SCADAThe U.S. Department of Homeland Security issued a bulletin on Thursday warning readers about a previously undisclosed, critical vulnerability in Movicon 11, a product used to manage critical infrastructure including the manufacturing, energy and water sectors.

DHS’s Industrial Control Systems Cyber Emergency Response Team (ICS-CERT) posted an advisory on May 10 that warned customers of Progea Srl that a memory corruption vulnerability in the Movicon Human Machine Interface (HMI) software could allow a remote attacker to knock Movicon devices offline using a specially crafted HTTP POST request sent to the Movicon OPC server component. Progea has issued a fix for the problem, which affects Movicon devices running Versions of the Movicon software up to and including version 11.3, ICS-CERT said in its advisory.

The vulnerability was discovered and reported by Dillon Beresford, a SCADA and ICS researcher who works for IXIA. If left unpatched, the vulnerability would allow a remote attacker to force the Movicon server to read in invalid memory address, crashing the device. However, the vulnerability of actual devices deployed in the field will depend on environmental factors at each customer site. ICS-CERT urged Progea customers to assess their vulnerability to attack.

Beresford made headlines repeatedly in the last year for revealing software vulnerabilities and poor security practices in SCADA products, including programmable logic controllers by Siemens. More recently, independent researcher Justin Clarke revealed the existence of a hard coded back door in switching device by RuggedCom, which are commonly used by critical infrastructure providers.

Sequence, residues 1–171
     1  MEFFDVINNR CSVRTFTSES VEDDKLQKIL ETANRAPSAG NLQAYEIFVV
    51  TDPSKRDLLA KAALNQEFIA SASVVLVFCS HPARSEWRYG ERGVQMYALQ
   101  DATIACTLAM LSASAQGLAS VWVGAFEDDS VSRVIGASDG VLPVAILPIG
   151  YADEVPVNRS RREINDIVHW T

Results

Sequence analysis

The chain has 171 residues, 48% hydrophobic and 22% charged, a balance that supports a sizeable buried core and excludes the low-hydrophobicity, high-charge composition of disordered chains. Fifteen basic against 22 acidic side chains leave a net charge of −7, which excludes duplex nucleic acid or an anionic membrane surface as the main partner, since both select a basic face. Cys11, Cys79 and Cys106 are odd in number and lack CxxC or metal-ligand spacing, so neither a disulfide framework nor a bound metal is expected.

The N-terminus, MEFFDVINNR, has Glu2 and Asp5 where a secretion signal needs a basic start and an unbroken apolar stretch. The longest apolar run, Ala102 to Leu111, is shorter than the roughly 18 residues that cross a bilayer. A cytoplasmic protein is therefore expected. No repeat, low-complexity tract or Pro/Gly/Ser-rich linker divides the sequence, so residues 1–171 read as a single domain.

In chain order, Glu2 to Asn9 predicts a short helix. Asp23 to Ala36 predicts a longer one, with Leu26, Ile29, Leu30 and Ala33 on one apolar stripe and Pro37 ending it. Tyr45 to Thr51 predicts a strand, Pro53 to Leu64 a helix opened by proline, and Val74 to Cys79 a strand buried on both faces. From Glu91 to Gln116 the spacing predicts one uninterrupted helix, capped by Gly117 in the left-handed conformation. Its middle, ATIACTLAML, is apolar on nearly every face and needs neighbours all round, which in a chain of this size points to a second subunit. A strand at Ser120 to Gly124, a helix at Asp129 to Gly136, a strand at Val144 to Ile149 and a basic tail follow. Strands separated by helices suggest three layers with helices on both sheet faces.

Presented with a growing number of reports affecting ICS and SCADA devices, DHS has contemplated tightening the designation of a “vulnerability” to exclude a wide range of so-called “forever day” holes – security holes that are rooted in insecure design decisions by manufacturers

Categories: Critical Infrastructure, Government, Hacks, Vulnerabilities

Comment (1)

  1. Markku Hakali

    We need a secure computer system for attingen be able to hack into our computers because we need to rock the same time up grading the software or change software to help keep someone who is doing kontraspionae so that we can protect our products

Comments are closed.